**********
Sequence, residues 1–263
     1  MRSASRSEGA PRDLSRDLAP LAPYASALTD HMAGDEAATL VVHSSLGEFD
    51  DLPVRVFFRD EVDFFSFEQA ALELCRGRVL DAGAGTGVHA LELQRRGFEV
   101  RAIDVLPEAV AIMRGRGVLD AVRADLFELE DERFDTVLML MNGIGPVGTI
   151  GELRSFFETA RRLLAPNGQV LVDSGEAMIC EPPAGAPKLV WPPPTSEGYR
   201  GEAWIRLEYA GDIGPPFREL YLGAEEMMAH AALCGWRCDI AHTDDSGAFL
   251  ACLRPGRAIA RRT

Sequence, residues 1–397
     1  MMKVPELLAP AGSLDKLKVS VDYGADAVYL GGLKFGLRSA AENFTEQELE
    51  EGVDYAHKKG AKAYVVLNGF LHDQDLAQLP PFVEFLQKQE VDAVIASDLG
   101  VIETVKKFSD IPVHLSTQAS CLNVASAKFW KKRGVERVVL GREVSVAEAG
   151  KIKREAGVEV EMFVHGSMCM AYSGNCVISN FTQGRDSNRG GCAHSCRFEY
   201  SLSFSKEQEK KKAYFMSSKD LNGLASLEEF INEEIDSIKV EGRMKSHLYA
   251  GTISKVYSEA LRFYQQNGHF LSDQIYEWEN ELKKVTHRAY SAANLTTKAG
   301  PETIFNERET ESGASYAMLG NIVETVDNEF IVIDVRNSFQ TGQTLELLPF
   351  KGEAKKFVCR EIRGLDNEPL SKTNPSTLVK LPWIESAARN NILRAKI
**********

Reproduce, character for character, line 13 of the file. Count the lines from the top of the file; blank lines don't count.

   201  SLSFSKEQEK KKAYFMSSKD LNGLASLEEF INEEIDSIKV EGRMKSHLYA